My hon. Friend the Member for Exeter and other hon. Members who have spoken feel extremely strongly about the issue, and I respect that, as does my hon. Friend the Minister of State. However, I hope that they realise that our intent to get rid of discrimination is just as strong as theirs. Our desire to see all firms acting properly towards disabled people is just as strong as theirs.
Therefore, I hope that my hon. Friend will not pursue his new clause. The Government want to eliminate discrimination against disabled people and to use legislation as a vehicle for ultimately changing attitudes. That is best achieved by a Bill that strikes the right balance between the needs of disabled people and the proper priorities of businesses to succeed. Too onerous a Bill would create resentment among the very people whose attitudes we are trying to change.
I have no doubt that, when the Bill is enacted and implemented, we will all learn from experience. That is why I am willing to give an undertaking to the House that we will table an amendment in another place that will require the Government to review the operation of this measure within five years and to give the House the opportunity to debate the issue.
In the light of my comments and the very genuine concern that I and my hon. Friend have to ensure that the Bill's objective is achieved, I hope that the House will reject the new clause.
Sir John Hannam: The debate has been extremely useful, with a clear message coming from hon. Members who have participated. My hon. Friend the Minister has shown that he is trying to find a way through small firms' fears, and the desire of all hon. Members to avoid leaving a large number of small firms outside this important anti-discrimination legislation. I welcome Government amendment No. 122, which removes the power to
Column 736increase the level of 20 employees. I hope that, as the Bill progresses, a commitment to reduce that figure of exclusion will be made even more strongly.
My new clause 6 is a probing amendment that does not go far enough to satisfy Opposition Members--who, I understand, want to vote for amendment No. 7, which removes the exclusion. Whatever happens tonight, the issue will return to the foreground of debate in the other place. I hope that the Government will consider all the arguments that have been advanced by hon. Members today, and that they will introduce further changes in the other place. However, I recognise the inadequacy of my new clause, and I beg to ask leave to withdraw the motion.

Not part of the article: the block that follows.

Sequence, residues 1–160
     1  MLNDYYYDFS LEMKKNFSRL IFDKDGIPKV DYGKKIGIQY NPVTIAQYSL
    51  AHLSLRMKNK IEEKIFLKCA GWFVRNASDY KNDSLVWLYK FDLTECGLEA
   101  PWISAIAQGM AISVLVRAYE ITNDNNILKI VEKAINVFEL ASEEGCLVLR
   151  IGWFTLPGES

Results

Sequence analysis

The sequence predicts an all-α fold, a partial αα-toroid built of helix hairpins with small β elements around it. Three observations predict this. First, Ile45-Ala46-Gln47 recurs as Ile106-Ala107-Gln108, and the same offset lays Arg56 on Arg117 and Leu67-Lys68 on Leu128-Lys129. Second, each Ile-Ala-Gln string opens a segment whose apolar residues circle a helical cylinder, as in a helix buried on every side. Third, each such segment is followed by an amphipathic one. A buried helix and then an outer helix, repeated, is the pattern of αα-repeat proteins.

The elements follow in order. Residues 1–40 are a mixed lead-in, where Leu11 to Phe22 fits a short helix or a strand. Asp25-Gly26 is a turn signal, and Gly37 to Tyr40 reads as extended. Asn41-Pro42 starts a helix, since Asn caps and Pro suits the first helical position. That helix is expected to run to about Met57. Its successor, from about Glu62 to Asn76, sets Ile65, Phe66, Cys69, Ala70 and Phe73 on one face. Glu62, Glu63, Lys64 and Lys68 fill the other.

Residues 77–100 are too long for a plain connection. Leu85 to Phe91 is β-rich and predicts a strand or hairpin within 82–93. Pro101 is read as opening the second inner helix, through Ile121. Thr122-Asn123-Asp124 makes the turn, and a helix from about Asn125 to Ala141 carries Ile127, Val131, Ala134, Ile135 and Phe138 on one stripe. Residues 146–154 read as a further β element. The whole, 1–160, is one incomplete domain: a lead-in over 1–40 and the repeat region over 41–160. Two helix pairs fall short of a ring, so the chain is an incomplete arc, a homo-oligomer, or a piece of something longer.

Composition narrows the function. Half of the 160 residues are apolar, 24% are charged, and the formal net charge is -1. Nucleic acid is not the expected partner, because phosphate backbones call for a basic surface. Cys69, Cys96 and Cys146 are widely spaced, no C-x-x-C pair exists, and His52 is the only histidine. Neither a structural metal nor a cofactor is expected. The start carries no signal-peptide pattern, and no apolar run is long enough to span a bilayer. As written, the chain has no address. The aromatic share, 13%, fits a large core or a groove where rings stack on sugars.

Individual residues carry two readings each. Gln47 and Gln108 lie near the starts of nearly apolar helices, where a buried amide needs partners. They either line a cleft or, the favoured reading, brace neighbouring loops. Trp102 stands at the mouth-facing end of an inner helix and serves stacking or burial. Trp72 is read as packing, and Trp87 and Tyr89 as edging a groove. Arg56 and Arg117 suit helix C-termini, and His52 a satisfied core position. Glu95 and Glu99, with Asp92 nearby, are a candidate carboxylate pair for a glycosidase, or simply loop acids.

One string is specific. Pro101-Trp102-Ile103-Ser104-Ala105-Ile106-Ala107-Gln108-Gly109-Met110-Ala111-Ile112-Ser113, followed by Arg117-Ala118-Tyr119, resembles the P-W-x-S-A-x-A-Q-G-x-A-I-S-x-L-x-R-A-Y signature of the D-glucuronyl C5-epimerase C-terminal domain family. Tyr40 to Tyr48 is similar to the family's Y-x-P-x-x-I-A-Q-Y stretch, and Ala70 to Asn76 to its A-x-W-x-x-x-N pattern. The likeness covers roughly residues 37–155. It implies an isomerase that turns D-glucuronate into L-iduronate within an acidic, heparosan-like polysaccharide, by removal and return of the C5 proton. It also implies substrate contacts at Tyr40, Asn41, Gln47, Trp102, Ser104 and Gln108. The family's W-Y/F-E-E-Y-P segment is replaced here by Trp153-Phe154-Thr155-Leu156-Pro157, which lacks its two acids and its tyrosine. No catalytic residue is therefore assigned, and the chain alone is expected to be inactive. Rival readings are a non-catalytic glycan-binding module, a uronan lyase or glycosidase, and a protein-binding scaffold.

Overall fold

Motion and clause, by leave, withdrawn .
Mr. Tom Clarke (Monklands, West): On a point of order, Mr. Deputy Speaker. The hon. Member for Exeter (Sir J. Hannam) misunderstood the views of Opposition Members. We were far from convinced by the Minister, and we ask that our new clause 16 be put to the House.
`(1) It shall be the duty of the Secretary of State to have regard to the needs of employers who have fewer than 20 employees and to make such financial provision by way of grants or loans as he deems appropriate to enable them to meet their obligations under this Act.
(2) The Secretary of State may by regulations specify the circumstances under which adjustments will be considered reasonable for employers who have fewer than 20 employees, and such regulations may specify appropriate periods within which such adjustments shall be made.
(3) Regulations under this section may make different provisions for different circumstances and different sizes of employer and specify different periods within which different adjustments shall be made; and regulations made under this section may be varied by subsequent regulations.'.-- [Mr. Tom Clarke.]
Brought up, and read the First time.
Motion made, and Question put, That the clause be read a Second time:--
The House divided: Ayes 267, Noes 297.
Division No. 115] [6.32 pm
Column 736Abbott, Ms Diane
Ainsworth, Robert (Cov'try NE)
Anderson, Ms Janet (Ros'dale)
Ashdown, Rt Hon Paddy
Banks, Tony (Newham NW)
Beith, Rt Hon A J
Benn, Rt Hon Tony
Bennett, Andrew F
Bray, Dr Jeremy
Column 736Bruce, Malcolm (Gordon)
Campbell, Mrs Anne (C'bridge)
Campbell, Menzies (Fife NE)
Campbell-Savours, D N
Carlile, Alexander (Montgomery)
Clark, Dr David (South Shields)
Clarke, Eric (Midlothian)
Clarke, Tom (Monklands W)
Cook, Frank (Stockton N)
Cook, Robin (Livingston)